This noisy and energetic updating follows the story of Frankenstein's monster (Eckhart) after the death of his creator. 200 years later, he's dropped in the middle of a long, ongoing war between angels and devils. The latter us under demon prince Naberius (Nighy), who has figured out that if he can reanimate the dead, all his troops lost over the course of the struggle will be able to come back and possess the soulless vessels so created, giving him a decisive edge. Frankenstein's journal, and his creation, may give him and pet scientist Terra Wade (Strahovski) the knowledge necessary to do just that. The angels, under their queen, Leonore (Otto), have no intention of letting this happen, naming the monster (with a frightening lack of imagination) Adam, and locking him up in their quietly, understated headquarters which no-one would ever notice. Oh, who am I kidding: it's a massive cathedral in the center of town, lit up like a fucking Christmas tree. Though no-one seems to notice, even when it's attacked by swarms of hundreds of demonic entities, or the resulting lightshow which resembles Guy Fawkes night in a Ukrainian arms depot.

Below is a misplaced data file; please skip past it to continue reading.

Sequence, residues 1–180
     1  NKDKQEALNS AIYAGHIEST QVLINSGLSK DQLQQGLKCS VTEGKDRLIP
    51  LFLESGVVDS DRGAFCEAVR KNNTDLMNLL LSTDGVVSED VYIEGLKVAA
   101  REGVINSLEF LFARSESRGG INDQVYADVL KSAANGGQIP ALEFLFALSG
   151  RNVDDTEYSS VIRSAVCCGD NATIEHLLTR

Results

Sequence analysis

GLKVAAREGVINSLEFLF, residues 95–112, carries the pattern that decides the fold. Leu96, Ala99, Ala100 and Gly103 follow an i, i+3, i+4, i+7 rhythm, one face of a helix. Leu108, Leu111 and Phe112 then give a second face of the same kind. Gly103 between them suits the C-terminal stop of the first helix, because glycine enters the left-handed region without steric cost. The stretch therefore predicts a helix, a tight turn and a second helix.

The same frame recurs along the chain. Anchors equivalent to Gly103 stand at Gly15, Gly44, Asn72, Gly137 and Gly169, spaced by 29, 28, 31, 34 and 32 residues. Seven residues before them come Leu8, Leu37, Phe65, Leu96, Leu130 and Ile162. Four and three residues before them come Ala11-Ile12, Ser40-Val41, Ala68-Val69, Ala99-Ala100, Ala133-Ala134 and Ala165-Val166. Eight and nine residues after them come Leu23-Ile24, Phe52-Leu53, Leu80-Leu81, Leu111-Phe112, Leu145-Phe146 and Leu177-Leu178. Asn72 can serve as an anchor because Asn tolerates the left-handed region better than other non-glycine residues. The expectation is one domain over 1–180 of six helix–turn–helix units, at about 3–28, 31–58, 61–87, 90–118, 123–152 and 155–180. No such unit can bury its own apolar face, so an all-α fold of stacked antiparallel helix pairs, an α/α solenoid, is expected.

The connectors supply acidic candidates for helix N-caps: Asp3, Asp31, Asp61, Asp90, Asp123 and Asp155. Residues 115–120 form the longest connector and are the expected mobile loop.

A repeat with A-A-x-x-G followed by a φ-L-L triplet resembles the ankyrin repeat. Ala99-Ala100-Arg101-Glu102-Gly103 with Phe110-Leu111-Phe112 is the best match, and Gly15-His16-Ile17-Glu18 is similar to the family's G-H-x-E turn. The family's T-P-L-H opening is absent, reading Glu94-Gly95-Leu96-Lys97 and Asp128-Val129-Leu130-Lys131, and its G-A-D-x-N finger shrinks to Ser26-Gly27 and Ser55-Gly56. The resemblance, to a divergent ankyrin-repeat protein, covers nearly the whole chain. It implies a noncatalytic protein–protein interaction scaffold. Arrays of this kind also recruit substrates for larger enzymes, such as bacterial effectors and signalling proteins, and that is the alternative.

Universally panned, I can see why, because "noisy and energetic" certainly doesn't equate to good, with story logic containing massive holes. For instance, the demons have been aware of Adam's existence for 200 years; after all, he dispatched a few of them while burying his maker. But there's no indication Naberius had made any previous effort during those two centuries. to get his hands on this key component. However, with the exception of the gargoyle/angels, which never appear better than mid-budget CGI and lack physical presence, it looks very nice: the backdrop scenery is particularly luscious. Proceedings are also partially redeemed by a better than normal cast for this kind of nonsense. Nighy and Otto deliver their lines with much more weight that they deserve, even extremely cheesy ones such as "I am a demon prince!" However, this is little more than an Underworld knockoff [and there are some common hands at work here], with Frankenstein's monster thrown into the mix, because... reasons? And a stitched-together Eckhart represents a fairly-poor substitute for a PVC-clad Kate Beckinsale.